A cash-strapped community hospice which has had its fund-raising events decimated by the Covid-19 pandemic is holding a bumper bike sale this Saturday to boost its coffers.

Managers of St Kentigern Hospice, which provides palliative care for people in Conwy, Denbighshire and Flintshire, have been bowled over by the generosity of the public who have donated more than a hundred unwanted bikes to be sold off.

Jim O’Toole, Chairman of St Kentigern Hospice board of directors, came up with the idea of launching an appeal for second-hand bikes to be sold off in aid of the hospice funds in the run-up to Christmas.

But even he has been overwhelmed by the response from the local community who have rallied behind the cause big time.

He said: “We really can’t believe the response we’ve had to our appeal after it was publicised on social media.

“I’m heartened to think of the generosity of all those who donated so kindly. We’ve already received 116 bikes and are expecting four more over the next couple of days, taking the total so far up to 120.

“But the appeal is ongoing and I wouldn’t’ be surprised if even more bikes come in for us to sell.”

People can donate bikes at the Port of Mostyn, Coast Road, Holywell, Flintshire, offices any time up until and including Friday, December 18.

The sale itself will be held at the Port of Mostyn car park site on Saturday, December 19 from 10am until 2pm.

Jim, who is managing director at Port of Mostyn, also thanked members of his staff who have volunteered to help run the sale and act as stewards on the day.

He said: “The whole event will abide by social distancing rules. There is plenty of space here so people will be able to keep well apart and masks will be worn.

“The bikes will be sold as seen, but, from those I have looked at, most are in good running order. Some may require minor repairs or adjustments but people will be able to see that for themselves on the day.”

All proceeds will go directly to the St Asaph-based St Kentigern Hospice which has had its annual fundraising activities severely hampered by the impact of lockdowns and social distancing restrictions caused by the Coronavirus pandemic.

The hospice provides specialist palliative care and residential care and support for seriously ill patients and their families. It covers the communities of Denbighshire, West Flintshire and East Conwy and each year helps about 500 people affected by life-limiting illness.

Just before the pandemic struck it opened a 930 square feet extension, increasing residential beds from eight to 12. The board dipped into financial reserves to help pay for the extension and is now working hard to rebuild funds.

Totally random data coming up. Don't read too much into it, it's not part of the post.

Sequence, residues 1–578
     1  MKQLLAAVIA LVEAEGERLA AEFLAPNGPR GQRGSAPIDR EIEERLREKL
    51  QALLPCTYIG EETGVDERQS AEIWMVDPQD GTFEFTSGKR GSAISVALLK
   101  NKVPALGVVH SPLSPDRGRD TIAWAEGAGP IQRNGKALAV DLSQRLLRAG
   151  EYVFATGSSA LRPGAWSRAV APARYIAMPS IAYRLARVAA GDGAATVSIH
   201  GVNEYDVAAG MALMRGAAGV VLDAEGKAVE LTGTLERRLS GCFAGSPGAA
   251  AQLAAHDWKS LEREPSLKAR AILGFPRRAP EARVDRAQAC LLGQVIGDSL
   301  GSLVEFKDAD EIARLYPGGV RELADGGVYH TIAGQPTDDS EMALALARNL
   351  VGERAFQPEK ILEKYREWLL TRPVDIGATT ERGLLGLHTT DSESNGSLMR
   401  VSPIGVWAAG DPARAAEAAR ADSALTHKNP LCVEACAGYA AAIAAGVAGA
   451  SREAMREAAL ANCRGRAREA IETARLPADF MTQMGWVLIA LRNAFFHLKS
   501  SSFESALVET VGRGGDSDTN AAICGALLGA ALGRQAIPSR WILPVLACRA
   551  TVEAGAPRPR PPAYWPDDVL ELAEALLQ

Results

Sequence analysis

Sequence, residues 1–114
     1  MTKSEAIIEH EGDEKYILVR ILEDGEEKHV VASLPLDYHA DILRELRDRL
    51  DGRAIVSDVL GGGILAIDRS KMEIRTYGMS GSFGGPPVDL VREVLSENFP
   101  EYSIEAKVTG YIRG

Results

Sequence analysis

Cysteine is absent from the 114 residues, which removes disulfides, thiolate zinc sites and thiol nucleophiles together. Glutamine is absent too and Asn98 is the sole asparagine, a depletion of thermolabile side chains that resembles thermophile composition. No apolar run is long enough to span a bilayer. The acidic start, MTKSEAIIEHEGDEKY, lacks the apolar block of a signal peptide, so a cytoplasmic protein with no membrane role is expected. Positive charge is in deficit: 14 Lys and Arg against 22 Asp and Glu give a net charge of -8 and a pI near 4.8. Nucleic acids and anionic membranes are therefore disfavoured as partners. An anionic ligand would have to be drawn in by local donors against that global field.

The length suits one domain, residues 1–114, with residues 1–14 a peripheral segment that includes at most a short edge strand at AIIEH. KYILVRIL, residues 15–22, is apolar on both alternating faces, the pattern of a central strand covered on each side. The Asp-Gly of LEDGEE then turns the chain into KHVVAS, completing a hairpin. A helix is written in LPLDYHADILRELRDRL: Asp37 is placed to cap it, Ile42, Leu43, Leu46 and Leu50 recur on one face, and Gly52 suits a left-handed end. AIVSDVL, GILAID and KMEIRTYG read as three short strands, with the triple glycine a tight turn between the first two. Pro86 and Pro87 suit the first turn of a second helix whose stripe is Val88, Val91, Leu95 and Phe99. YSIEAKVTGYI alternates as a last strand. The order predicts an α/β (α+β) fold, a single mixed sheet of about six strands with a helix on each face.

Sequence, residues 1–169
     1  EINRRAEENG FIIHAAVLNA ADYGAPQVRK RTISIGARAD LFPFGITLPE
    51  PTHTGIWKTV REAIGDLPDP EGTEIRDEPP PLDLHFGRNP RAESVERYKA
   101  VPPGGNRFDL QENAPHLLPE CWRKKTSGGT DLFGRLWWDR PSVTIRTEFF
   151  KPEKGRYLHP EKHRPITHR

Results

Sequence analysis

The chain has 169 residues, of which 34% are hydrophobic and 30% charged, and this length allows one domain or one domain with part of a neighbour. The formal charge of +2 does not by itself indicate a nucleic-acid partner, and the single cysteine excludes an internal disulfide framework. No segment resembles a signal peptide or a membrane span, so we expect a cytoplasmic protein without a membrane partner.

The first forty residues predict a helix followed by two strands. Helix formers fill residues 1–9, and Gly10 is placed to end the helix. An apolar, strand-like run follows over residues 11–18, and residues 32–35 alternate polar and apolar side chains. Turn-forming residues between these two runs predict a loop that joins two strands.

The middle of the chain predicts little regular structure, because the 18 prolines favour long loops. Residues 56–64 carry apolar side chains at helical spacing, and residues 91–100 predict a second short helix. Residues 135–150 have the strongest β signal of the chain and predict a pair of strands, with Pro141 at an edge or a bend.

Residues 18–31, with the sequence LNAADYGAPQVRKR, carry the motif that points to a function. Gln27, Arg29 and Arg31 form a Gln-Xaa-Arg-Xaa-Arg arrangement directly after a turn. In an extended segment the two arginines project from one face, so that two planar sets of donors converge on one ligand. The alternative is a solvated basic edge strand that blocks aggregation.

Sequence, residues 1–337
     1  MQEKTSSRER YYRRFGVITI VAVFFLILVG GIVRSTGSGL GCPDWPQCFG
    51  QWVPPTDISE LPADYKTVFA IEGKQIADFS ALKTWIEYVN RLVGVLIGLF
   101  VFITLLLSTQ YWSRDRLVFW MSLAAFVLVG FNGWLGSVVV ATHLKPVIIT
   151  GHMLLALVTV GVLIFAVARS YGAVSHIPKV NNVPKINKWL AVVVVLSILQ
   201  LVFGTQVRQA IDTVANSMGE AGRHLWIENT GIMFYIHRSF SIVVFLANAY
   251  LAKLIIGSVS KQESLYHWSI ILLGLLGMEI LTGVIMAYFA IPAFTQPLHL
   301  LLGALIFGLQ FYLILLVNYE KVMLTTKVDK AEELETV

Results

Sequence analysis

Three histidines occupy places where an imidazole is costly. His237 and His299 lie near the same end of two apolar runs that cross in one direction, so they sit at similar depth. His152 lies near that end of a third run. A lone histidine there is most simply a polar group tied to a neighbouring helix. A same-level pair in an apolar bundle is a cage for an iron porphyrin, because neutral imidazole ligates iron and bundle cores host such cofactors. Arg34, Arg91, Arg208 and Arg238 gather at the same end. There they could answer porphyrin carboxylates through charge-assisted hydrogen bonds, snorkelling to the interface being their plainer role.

Maintaining services costs about £1.4 million a year – £4,000 a day. But much of the public fundraising which helps it meet these costs has been cancelled during 2020.

Jim said: “This time of year would normally be among our busiest in terms of local community fundraising, with various festive events going on, from raffles and charity auctions to social balls and Christmas sales all in aid of the hospice.

“But all these have had to be cancelled due to Covid-19 safety restrictions. We have also had to close all 12 of our charity shops and we’re still reeling from the impact of the first lockdown which resulted in the cancellation of many summer events, such as golf tournaments and summer fairs.

“We’re one of many hospices across the country who are struggling to think of new ways to bolster our finances so we can continue to provide the invaluable services we’ve been offering our community over the last 25 years.”

That’s why Jim turned to pedal power to push forward fundraising. He came up with the innovative idea of the bike sale after hearing on the news that new bikes are in short supply.

He said: “Demand for new bikes is soaring and there are long waiting lists at the big store bike sellers as manufacturers cannot make them fast enough to meet the demand from the public. That’s why I came up with the idea of selling second-hand bikes. There are many people who have bikes in good condition which they no longer use or children’s bikes which the kids have outgrown. This sale ticks all the boxes in terms of helping people find a bike they want at a reasonable price, recycling unused bikes and supporting a good cause at the same time.

“Some bikes are in better condition than others – some are almost new, while others may have a few scratches here and there. We’ll be asking people to make us a fair and reasonable offer for each bike on the day.”

A wide range of bikes of different models and sizes have been donated, including one or two which are like new.

Jim said: “One modern bike has come all the way from Saint Albans, still in its box and hardly ever used as the owner suffered a health issue  shortly after having bought it. At the other end of the scale we have a classic ladies’ bike which is 60 years old. It’s an old Raleigh style, lovely looking.

“We have children’s bikes and adult bikes, men’s and women’s designs. All sorts of models from racers to off-roaders. We’ve simply been inundated. I never imagined when I thought of the idea that we would receive so many donations and I want to say a huge thank you to everyone.”

Any bicycles which are not sold will be saved for a possible future sale in the New Year.

Saturday’s sale is cash only, with on day collection of sold bikes and all are sold as seen. The sale begins at 10am at Port of Mostyn, Coast Road, Holywell, CH8 9HE.